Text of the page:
Of the Saline High School Class of 2019 there were 24 students who graduated with the distinction of the state of Michigan Biliteracy Seal.
Michigan is one of 27 states and the District of Columbia to offer the seal, which originated in California.
Students who earn the seal on their diploma must, in addition to meeting general graduation requirements for a high school diploma, must demonstrate "intermediate high" proficiency on world language assessments.
Saline High School Spanish Language teacher and World Language Program head Beth Gregones and Assistant Superintendent of Instructional Services Steve Laatsch spoke last week about the value of the program to the students and the world at large before calling up a group of seal recipients to be recognized before the SAS Board of Education.
"In terms of the benefit of the seal, there are three primary points," Laatsch explained. "The first is that it encourages the study of world languages and the embracing of native and heritage languages. Secondly, employers look at this as 'here's a student who has strong language abilities and therefore potentially a better employee and being able to reach more people.' And finally the seal serves as an additional tool for colleges and universities to recognize these abilities for admission and placement."
Gregones mentioned that one of the 24 students, Brittany Bryant, actually qualified for two seals simultaneously.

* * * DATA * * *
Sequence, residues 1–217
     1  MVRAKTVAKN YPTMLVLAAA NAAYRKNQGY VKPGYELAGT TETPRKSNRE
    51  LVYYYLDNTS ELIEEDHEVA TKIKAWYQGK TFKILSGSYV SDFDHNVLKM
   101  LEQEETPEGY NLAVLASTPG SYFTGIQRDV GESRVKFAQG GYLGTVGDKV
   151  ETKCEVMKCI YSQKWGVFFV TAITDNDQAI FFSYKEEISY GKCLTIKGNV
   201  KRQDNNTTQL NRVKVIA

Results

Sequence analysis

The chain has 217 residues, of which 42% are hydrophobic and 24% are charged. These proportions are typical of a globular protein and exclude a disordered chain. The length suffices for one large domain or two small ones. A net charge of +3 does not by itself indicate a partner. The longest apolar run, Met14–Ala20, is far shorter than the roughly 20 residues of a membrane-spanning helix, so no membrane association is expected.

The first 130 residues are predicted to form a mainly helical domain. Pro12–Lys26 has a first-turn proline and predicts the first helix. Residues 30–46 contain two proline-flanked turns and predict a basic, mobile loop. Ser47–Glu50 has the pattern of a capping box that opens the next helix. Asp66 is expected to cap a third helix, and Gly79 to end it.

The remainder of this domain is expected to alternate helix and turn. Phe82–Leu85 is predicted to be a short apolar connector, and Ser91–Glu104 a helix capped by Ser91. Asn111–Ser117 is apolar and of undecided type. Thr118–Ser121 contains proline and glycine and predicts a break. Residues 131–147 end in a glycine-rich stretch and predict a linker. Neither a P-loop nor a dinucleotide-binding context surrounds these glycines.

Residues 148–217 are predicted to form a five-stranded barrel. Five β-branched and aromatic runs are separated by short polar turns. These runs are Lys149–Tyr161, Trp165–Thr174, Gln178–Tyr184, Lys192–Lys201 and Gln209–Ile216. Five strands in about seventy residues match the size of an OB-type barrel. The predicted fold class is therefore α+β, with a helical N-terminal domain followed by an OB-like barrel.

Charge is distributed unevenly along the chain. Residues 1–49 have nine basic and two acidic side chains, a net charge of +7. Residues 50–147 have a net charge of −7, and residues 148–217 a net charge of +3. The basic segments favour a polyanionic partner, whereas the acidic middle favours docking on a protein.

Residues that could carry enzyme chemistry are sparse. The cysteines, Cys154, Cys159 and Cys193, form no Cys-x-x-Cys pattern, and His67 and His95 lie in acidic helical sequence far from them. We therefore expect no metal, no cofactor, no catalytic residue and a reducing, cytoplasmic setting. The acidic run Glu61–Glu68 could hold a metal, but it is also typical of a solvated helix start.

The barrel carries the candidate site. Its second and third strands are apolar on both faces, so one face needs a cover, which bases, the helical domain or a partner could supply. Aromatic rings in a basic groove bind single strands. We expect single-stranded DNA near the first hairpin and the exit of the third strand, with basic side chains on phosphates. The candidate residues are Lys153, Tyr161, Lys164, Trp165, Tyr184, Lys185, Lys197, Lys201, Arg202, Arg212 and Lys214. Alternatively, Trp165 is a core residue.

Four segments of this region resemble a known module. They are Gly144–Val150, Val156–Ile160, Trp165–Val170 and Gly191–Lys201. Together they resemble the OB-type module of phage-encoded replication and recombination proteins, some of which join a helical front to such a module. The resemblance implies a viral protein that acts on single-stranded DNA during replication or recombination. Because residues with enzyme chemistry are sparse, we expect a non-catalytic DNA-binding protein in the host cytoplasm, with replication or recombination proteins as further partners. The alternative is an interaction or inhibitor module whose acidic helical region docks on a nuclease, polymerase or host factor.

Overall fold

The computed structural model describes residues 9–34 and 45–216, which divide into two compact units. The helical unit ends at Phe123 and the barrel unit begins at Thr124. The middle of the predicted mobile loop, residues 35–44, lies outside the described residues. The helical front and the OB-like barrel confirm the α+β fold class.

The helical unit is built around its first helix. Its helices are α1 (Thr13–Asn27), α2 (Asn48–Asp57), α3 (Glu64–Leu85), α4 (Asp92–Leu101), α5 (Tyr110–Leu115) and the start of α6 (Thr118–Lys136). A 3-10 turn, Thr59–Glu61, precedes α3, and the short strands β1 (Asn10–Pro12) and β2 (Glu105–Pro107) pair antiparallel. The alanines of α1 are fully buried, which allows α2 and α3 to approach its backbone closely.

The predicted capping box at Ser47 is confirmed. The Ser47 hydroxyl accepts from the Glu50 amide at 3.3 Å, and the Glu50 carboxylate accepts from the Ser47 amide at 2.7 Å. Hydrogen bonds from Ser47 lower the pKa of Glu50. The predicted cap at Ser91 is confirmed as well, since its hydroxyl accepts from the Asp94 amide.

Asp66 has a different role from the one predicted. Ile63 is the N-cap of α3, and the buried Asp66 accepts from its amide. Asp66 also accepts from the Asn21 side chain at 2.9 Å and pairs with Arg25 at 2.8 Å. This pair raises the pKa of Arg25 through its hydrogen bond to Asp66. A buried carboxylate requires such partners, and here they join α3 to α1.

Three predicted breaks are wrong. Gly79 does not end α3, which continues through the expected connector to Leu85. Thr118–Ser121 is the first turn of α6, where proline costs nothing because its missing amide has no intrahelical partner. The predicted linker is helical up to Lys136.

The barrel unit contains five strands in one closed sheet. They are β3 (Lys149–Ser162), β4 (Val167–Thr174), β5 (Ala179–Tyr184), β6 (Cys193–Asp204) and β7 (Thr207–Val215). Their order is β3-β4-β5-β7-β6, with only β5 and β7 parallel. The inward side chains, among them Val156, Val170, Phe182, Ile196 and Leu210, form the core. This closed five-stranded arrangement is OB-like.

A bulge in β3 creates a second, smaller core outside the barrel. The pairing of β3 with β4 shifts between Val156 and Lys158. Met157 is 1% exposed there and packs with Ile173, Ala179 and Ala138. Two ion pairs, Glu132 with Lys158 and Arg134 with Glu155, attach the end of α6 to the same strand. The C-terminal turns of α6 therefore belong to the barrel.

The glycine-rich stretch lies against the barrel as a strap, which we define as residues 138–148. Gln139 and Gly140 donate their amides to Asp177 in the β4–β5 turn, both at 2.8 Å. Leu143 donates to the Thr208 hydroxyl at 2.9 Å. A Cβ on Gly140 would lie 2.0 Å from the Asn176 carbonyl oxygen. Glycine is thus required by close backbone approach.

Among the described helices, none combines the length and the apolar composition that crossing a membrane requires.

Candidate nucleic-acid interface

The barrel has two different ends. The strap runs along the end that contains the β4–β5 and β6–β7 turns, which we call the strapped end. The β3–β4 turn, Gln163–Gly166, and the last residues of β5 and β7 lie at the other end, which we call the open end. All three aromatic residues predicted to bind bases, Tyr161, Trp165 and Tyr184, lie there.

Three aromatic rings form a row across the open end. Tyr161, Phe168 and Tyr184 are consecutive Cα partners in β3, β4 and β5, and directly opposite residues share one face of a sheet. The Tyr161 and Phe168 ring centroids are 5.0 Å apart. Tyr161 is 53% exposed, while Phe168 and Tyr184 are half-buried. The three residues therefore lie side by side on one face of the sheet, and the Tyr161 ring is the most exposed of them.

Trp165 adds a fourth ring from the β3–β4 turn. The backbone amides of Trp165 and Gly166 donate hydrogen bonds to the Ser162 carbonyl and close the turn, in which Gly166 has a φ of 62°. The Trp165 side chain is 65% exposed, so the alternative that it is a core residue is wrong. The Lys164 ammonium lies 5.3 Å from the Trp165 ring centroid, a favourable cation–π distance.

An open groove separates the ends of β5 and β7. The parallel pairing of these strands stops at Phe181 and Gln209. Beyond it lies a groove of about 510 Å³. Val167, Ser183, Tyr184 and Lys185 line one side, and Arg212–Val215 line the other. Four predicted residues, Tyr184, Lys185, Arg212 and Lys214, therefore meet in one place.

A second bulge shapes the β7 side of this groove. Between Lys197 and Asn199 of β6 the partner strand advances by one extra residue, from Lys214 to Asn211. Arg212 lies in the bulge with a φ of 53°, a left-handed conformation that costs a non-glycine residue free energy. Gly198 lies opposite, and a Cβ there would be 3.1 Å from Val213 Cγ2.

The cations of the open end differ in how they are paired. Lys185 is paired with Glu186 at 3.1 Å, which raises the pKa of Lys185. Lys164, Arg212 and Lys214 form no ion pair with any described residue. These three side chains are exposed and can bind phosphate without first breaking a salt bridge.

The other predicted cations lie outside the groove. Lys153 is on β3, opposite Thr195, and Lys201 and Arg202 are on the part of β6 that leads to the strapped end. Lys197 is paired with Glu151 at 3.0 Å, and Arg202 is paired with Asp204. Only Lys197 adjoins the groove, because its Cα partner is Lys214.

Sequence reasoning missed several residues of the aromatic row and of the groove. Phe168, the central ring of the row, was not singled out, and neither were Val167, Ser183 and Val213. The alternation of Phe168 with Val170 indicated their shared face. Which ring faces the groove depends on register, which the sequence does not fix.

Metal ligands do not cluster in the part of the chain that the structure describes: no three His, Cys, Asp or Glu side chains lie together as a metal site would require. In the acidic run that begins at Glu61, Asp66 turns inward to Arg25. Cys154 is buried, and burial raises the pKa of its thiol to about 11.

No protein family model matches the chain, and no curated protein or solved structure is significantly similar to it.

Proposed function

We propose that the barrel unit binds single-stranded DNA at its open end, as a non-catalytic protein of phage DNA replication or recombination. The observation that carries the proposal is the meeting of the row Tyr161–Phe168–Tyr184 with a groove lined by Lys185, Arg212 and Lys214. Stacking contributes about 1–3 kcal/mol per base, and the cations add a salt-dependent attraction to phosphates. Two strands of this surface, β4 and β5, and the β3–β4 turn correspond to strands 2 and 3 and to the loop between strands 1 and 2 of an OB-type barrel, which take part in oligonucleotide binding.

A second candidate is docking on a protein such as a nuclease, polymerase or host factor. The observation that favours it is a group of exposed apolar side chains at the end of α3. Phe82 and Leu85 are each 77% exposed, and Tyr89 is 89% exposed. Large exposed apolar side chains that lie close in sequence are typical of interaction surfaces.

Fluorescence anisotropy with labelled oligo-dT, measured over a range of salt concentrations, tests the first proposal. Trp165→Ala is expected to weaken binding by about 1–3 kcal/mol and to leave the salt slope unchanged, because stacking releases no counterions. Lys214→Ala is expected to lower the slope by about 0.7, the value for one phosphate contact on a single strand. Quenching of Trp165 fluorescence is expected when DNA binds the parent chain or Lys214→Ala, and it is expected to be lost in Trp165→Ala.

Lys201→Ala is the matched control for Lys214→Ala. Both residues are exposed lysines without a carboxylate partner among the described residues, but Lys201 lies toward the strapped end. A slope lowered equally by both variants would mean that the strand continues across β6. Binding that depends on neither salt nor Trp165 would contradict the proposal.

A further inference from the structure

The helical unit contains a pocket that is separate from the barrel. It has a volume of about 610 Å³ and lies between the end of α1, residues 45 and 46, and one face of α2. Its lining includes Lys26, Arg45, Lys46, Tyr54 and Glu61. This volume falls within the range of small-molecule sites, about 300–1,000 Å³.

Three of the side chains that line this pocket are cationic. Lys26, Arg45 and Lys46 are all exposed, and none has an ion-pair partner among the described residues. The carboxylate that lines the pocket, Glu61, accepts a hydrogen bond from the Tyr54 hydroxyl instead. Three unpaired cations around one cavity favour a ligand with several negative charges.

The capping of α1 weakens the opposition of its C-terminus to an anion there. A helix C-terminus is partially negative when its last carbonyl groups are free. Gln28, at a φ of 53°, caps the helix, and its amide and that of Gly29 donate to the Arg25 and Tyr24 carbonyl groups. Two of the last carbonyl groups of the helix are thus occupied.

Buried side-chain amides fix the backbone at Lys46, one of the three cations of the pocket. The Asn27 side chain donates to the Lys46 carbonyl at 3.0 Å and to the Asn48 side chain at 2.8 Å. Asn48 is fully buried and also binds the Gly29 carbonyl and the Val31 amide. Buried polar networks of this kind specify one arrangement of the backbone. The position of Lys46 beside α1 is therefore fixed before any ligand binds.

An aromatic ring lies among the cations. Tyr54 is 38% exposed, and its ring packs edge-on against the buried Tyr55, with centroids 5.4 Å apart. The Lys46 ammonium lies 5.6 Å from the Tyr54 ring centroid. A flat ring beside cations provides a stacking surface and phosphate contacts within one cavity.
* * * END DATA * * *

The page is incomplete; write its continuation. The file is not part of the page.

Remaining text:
The state's page for the seal adds some statistical and polling data that should entice more students to attempt their own seal in the coming years. A cited survey of U.S. employers found that 66 percent reported valuing foreign language skills in the hiring process and 41 percent claimed to give preference in hiring to multilingual candidates.
International trade in Michigan grew 17 percent between 2004 and 2014 at the same time that total employment fell 1 percent, according to the state's Bilingual Seal page, indicating that even during times of contraction of the overall state economy and job market the space where bilingualism is most valuable to job-seekers bucks that trend and continues growing.
Those who seek to attain a seal can look forward to beginning testing the second semester of junior year of high school and completing the testing first semester of senior year. The final testing for the 24 students awarded in Saline this year was four hours long, Gregones said.
Laatsch added that the seal fits in nicely with the SAS Compass concept.
"If you look at what we talk about when we say we like globally connected students, it talks about students are globally connected when they demonstrate their understanding of the complexities of cultures and global issues, they see viewpoints beyond their own, and positively impact the wold around them ... all of these students have been doing that now with the Seal of Biliteracy," he concluded.
This year's recipients are as follows: